Few minutes of PL/SQL investigations reveal that the above error occurs around the following piece of code in the FixProfilefromCache.sql script

declare
   ar_profile_hints sys.sqlprof_attr;
   cl_sql_text clob;
begin
   select
      extractvalue(value(d), '/hint') as outline_hints
         bulk collect into ar_profile_hints
   from
      xmltable('/*/outline_data/hint'
         passing (
            select
               xmltype(other_xml) as xmlval
            from
               gv$sql_plan
            where
               sql_id = '&sql_id_from'
               and child_number = &child_no_from
               and other_xml is not null
			   and rownum =1
         )
      ) d;

And, to be more precise, exactly at this line

   select
      extractvalue(value(d), '/hint') as outline_hints
        bulk collect into ar_profile_hints

What is the definition of the sys.sqlprof_attr object type I am using very often without being preoccupied by its data type so far?

   desc SQLPROF_ATTR
        SQLPROF_ATTR VARRAY(2000) OF VARCHAR2(500)

It’s a list of strings not allowed to exceed 500 bytes each. Is this meaning that one of my real life query outline hints exceeded 500 bytes? Let’s check:

  select
    substr(outline_hints,1,45) outline_hints
   ,outline_hints_length
from
 (
   select
      extractvalue(value(d), '/hint') as outline_hints  
     ,length(extractvalue(value(d), '/hint')) as outline_hints_length
   from
      xmltable('/*/outline_data/hint'
         passing (
            select
               xmltype(other_xml) as xmlval
            from
               gv$sql_plan
            where
               sql_id = '3ts967mzugyxw'
               and child_number = 0
               and other_xml is not null
			   and rownum =1
         )
      ) d
  order by outline_hints_length desc
  )
where rownum <= 1;

OUTLINE_HINTS                                 OUTLINE_HINTS_LENGTH
--------------------------------------------- --------------------
USE_CONCAT(@"SEL$C59E9DD6" 8 OR_PREDICATES(3)                  508

That’s it. One of the outline hints exceeds the 500 bytes upper limit imposed by the sys.sqlprof_attr type. Don’t try to create your proper sys.sqlprof_attr type allowing to store more than 500 bytes. The import_sql_profile procedure of the dbms_sqltune package doesn’t allow a parameter with a different data type:

 PROCEDURE import_sql_profile(
                   sql_text      IN CLOB,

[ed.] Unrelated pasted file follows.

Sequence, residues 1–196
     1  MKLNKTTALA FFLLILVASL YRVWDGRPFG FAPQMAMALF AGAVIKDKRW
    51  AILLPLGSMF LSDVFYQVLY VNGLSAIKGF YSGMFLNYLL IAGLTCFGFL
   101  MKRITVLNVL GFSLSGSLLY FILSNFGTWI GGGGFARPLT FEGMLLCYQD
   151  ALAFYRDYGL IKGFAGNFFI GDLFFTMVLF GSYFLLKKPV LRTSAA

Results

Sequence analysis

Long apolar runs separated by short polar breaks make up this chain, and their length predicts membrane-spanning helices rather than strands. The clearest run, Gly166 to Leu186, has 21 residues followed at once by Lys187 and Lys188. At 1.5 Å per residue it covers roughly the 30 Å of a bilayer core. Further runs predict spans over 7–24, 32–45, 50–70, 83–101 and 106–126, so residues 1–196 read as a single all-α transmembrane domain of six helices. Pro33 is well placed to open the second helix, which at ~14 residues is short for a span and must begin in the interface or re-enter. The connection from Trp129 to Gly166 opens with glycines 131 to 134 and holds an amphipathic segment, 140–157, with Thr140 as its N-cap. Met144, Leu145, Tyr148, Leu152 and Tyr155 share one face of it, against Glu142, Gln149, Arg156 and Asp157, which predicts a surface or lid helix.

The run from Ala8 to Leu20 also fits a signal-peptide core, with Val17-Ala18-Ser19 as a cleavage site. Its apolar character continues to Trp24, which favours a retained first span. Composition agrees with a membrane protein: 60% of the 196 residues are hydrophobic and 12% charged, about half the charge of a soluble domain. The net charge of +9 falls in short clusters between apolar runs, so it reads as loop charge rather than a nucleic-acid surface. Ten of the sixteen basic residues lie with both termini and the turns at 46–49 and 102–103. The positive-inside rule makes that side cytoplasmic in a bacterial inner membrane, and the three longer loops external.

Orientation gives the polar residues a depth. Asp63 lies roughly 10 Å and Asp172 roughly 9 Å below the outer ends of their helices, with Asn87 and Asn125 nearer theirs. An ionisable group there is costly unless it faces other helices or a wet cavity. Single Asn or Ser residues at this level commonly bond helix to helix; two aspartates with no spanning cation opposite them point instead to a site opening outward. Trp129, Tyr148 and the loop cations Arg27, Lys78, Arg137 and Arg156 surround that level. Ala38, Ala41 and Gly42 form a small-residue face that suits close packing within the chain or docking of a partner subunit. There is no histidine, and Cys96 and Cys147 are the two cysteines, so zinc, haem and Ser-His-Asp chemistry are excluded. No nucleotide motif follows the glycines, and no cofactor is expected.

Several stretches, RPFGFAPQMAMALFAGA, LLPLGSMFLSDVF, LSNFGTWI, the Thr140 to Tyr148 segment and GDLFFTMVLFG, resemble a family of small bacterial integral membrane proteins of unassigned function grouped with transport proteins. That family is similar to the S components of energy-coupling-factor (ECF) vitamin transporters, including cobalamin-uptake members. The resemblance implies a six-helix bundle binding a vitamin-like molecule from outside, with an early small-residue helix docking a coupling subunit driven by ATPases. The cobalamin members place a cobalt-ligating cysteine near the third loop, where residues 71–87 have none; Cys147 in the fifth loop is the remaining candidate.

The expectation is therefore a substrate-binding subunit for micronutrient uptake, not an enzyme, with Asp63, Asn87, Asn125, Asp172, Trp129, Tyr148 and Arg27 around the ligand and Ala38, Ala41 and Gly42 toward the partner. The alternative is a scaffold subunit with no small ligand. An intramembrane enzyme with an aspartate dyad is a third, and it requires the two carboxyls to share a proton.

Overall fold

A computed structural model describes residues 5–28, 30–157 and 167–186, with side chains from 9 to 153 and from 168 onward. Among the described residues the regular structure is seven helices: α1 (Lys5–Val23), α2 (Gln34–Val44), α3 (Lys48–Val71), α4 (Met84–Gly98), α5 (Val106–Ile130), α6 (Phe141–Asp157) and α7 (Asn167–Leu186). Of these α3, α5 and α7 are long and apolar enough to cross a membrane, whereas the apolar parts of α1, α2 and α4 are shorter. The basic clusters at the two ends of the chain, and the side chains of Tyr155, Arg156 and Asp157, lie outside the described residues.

profile       IN sqlprof_attr,
                   name          IN VARCHAR2 := NULL,
                   description   IN VARCHAR2 := NULL,
                   category      IN VARCHAR2 := NULL,
                   validate      IN BOOLEAN  := TRUE,
                   replace       IN BOOLEAN  := FALSE,
                   force_match   IN BOOLEAN  := FALSE);

Hopefully it seems that Oracle has already foreseen this kind of situation and has overloaded the above procedure in order to accept the hint as a CLOB data type via the proxfile_xml parameter:

PROCEDURE import_sql_profile(
                   sql_text      IN CLOB,
                   profile_xml   IN CLOB,
                   name          IN VARCHAR2 := NULL,
                   description   IN VARCHAR2 := NULL,
                   category      IN VARCHAR2 := NULL,
                   validate      IN BOOLEAN  := TRUE,
                   replace       IN BOOLEAN  := FALSE,
                   force_match   IN BOOLEAN  := FALSE);

Finally I have created a new script which I have named fixprofilexmlfromcache and which I have successfully used to transfer the good plan to the sql_id of the real life query as shown below:

SQL> @FixProfileFromXmlFromCache
Enter value for sql_id_from: 3ts967mzugyxw
Enter value for child_no_from: 0
Enter value for sql_id_to: 46h7mfaac03yv
Enter value for sql_id_to: 46h7mfaac03yv
Enter value for sql_id_to: 46h7mfaac03yv

PL/SQL procedure successfully completed.

SUMMARY

While it is extremely rare to use a SQL Profile with hints exceeding 500 bytes it is however good to know that there is an alternative to overcome this limit by using the second overloaded import_sql_profile procedure of the dbms_sqltune package which accepts the outline hints as a CLOB instead of a varray of 500 bytes.

4 Comments »

  1. Nice to have the warning.

    The same problem (though with no solution) appears with the SQL_PATCH mechanism – it’s indirectly limited to a single varchar2(500): http://jonathanlewis.wordpress.com/2014/07/06/sql-plan-baselines-2/#comment-69029

    Comment by Jonathan Lewis — October 1, 2016 @ 6:03 pm | Reply

  2. Thank you Mohamed.
    I’m adding this script right now in my toolbox

    Comment by ahmed aangour — October 2, 2016 @ 6:40 am | Reply

  3. Very intersting !. Thank’s.

    Comment by Noureddine — October 5, 2016 @ 9:00 am | Reply